for the third hypothesis. The generalizability of these findings is limited by a disproportionate number of female participants and a lack of ethnic and age diversity. Future research should replicate this study with a more diverse pool of participants. These findings suggest that instructors design interventions to target myths in the psychology courses they teach.
Keywords: misconception, introductory psychology, myth endorsement

Brianna K. Dwyer, John H. Stella, and Nicole Fernandes

Palm Beach State College

Previous research has shown that the dispositional trait of intellectual humility (IH) predicts increased tolerance to opposing perspectives and beliefs. In the current study, we reasoned that the relationship might also work in the reverse direction, i.e., that critiquing one’s position on a contentious issue might enhance IH. To evaluate this hypothesis, we prompted participants to declare their position on a potentially divisive social issue (specifically, whether to allocate scarce medical resources to nonvaccinated COVID-19 patients) and then randomly assigned them to either contradict their position, justify their position, or engage in an unrelated writing exercise. Contrary to our hypothesis, we found that participants who justified their belief reported higher levels of IH than participants who contradicted it. In light of this unexpected and somewhat counterintuitive result, we argue that the
intellectually humble mindset is fortified under conditions of minimal self-threat as opposed to threatening forms of self-examination.
Keywords: intellectual humility, self-justification, self-contradiction, self-threat

Andra K. MacDonald

Bellevue College

Increasing mental illness among college students continues to be a critical issue. College life is often a time of great transition, contributing to and exacerbating students’ rising stress, anxiety, and other mental health struggles. Poor sleep habits may develop during college, and poor sleep quality can amplify stress. To explore how institutions might help students struggling with stress, we conducted this study to examine whether a sleep-focused workshop would reduce stress levels in students at a Pacific Northwest community college. We generated an online pre- and post-workshop survey consisting of the Beck Anxiety Inventory, the Perceived Stress Scale (PSS), and the Sleep Quality Scale, which was distributed to participants before and after a sleep workshop presented by the college’s psychology department. It was hypothesized that (1) poor sleep quality correlates to higher student stress levels, and (2) that the sleep workshop intervention would reduce stress levels. Sleep quality and stress were found to be moderately negatively correlated be-fore the workshop, r(57) = -.482, p < .001, and after the workshop, r(40)= -.500, p < .001. Additionally, there was a statistically significant decrease in stress after the workshop (M = 26.50, SD = 7.91) compared to before the workshop (M = 28.77, SD = 7.41), t(56) = 29.33, p < .001. These results provide more insight into the utility of sleep workshops for students and whether they can help students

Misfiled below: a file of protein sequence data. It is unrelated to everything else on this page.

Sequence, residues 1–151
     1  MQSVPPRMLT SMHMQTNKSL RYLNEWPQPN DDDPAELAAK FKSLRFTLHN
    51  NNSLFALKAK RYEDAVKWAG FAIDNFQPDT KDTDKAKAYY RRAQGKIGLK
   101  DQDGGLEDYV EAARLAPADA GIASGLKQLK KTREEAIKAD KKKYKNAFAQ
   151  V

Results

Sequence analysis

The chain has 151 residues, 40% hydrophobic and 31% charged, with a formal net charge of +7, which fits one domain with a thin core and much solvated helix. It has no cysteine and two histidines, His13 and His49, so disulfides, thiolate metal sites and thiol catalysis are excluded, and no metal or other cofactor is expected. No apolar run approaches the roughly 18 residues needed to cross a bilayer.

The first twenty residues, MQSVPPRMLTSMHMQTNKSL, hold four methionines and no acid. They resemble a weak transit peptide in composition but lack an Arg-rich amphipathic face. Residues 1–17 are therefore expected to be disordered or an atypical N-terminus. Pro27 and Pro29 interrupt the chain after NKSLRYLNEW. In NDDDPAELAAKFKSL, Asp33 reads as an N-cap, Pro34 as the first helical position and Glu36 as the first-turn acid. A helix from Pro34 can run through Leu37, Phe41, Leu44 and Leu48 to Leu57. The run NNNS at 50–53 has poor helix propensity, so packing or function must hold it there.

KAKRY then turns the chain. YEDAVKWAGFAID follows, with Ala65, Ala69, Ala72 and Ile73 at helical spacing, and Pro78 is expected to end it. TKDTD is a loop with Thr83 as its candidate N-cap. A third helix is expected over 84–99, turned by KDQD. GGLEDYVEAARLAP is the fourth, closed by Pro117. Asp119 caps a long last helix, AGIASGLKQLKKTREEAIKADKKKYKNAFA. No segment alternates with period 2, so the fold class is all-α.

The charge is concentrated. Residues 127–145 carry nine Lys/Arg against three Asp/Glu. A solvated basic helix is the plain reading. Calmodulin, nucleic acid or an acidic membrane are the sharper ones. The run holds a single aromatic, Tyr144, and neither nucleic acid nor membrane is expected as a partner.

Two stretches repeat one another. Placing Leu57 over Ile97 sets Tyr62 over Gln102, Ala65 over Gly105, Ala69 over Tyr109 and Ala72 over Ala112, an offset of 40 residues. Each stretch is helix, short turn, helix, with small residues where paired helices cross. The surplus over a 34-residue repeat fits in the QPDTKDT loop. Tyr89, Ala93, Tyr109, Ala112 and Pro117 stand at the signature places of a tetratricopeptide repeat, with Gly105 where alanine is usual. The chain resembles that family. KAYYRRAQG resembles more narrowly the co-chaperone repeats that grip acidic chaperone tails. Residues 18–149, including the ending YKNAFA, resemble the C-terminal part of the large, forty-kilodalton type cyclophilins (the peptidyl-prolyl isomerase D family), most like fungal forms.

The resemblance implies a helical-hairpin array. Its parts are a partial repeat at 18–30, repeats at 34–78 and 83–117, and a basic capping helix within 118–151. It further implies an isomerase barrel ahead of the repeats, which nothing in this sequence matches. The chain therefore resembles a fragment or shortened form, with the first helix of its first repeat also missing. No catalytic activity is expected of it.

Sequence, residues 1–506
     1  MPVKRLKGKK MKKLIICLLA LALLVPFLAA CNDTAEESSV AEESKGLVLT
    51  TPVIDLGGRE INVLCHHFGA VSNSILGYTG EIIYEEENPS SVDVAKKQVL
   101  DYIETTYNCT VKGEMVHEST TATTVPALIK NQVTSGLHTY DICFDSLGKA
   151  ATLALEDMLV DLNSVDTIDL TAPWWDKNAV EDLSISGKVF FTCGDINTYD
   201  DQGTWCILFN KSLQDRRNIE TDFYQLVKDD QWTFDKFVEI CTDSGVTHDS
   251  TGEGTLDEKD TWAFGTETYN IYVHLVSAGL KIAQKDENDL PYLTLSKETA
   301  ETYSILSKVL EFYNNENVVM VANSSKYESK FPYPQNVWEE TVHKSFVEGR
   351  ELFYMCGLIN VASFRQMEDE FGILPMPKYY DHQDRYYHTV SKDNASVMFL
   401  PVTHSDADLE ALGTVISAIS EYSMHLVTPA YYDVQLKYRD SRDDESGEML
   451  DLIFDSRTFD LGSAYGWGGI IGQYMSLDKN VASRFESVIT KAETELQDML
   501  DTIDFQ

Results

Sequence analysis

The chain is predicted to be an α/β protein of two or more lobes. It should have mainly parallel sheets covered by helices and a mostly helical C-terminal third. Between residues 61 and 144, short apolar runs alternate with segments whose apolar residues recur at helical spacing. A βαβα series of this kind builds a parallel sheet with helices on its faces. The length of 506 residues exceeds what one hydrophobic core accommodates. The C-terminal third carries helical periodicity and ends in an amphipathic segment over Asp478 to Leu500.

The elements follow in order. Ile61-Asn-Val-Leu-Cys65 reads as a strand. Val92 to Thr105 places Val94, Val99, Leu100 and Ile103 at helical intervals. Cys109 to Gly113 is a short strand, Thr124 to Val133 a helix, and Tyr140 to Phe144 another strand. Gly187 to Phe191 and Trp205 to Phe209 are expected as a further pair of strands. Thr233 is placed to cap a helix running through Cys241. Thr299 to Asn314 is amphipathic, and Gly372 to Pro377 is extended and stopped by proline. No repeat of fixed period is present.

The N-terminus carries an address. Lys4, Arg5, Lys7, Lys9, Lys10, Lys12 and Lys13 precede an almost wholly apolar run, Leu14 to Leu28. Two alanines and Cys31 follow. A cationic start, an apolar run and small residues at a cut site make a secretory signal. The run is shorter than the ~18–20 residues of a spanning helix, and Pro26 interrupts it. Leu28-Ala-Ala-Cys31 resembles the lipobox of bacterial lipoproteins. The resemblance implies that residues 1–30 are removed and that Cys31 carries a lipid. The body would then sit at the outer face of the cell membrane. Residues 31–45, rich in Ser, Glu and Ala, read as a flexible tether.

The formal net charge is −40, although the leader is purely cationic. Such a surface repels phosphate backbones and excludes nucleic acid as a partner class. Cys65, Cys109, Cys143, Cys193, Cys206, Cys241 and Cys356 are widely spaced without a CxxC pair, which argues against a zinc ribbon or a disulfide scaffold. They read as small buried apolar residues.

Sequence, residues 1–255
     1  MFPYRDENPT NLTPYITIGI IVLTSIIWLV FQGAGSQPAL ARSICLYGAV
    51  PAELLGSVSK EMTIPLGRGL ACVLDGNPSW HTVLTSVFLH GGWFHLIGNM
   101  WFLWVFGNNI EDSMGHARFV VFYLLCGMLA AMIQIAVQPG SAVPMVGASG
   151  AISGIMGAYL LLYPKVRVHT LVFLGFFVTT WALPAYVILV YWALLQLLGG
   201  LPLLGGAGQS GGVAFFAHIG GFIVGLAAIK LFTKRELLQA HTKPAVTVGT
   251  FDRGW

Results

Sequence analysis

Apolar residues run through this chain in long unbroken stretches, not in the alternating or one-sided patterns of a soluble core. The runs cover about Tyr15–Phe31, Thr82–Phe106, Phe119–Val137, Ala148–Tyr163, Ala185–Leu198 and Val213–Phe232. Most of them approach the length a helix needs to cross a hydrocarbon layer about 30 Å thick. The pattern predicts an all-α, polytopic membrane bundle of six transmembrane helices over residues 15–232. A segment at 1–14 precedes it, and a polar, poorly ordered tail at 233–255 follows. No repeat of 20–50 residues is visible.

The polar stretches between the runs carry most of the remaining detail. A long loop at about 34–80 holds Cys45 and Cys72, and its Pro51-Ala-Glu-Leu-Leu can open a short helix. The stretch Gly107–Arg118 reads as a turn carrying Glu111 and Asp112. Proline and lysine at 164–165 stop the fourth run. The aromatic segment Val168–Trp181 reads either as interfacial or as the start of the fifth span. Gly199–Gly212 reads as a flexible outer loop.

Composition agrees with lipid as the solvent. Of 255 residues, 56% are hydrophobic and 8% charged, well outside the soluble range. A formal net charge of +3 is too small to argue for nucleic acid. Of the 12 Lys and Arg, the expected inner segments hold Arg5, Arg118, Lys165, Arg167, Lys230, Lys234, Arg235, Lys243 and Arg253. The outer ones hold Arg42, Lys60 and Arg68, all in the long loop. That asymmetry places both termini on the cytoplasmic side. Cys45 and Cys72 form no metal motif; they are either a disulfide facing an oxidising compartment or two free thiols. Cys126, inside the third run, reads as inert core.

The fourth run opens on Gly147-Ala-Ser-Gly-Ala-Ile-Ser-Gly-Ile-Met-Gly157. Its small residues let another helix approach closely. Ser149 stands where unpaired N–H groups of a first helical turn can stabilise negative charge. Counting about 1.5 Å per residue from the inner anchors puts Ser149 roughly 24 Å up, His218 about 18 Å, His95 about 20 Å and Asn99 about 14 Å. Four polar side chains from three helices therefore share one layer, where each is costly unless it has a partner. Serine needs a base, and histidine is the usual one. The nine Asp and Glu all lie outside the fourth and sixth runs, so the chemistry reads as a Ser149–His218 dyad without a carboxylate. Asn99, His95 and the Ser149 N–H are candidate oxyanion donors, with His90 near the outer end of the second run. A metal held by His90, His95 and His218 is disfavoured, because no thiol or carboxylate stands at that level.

manage stress and im-prove their sleep quality, potentially improving student mental health by
lowering stress and improving quality of life and education overall.
Keywords: sleep quality, sleep workshop, perceived stress, college students, community college

Nicholas T. Nguyen

Irvine Valley College

The present study examined the relationship between frequency of gym attendance, workout length, happiness, and perceptions of self-esteem, appearance, and the benefits of exercise. A total of 85 participants (48 females, 37 males) completed eight self-report measures, including the Rosenberg SelfEsteem Scale (Rosenberg, 1989), the Subjective Happiness Scale (Lyubomirsky & Lepper, 1999), the Appearance Anxiety Inventory (Veale et al., 2013), the Body Dysmorphic Disorder Questionnaire (Phillips, 2005), the Muscle Dysmorphic Disorder Inventory (Zeeck et al., 2018), the Exercise Benefits/Barriers scale (Sechrist et al., 1987), and two additional measures reporting weekly gym attendance and duration. Results showed that the frequency of weekly gym attendance and time spent in the gym had no relationship to Body Dysmorphic Disorder (BDD), Muscle Dysmorphia (MD), and appearance anxiety. Time spent in the gym had no relationship to BDD, MD, and appearance anxiety. However, both frequency of gym attendance and workout duration had a strong positive relationship to beneficial views of exercise and self-esteem. Lastly, happiness was found to have no relationship with the frequency of gym attendance but had a positive relationship with the amount of time spent at the gym. Overall, it was concluded that gym attendance in general helps to improve certain aspects of mental health, perhaps through creating a more positive self-perception and increased subjective happiness.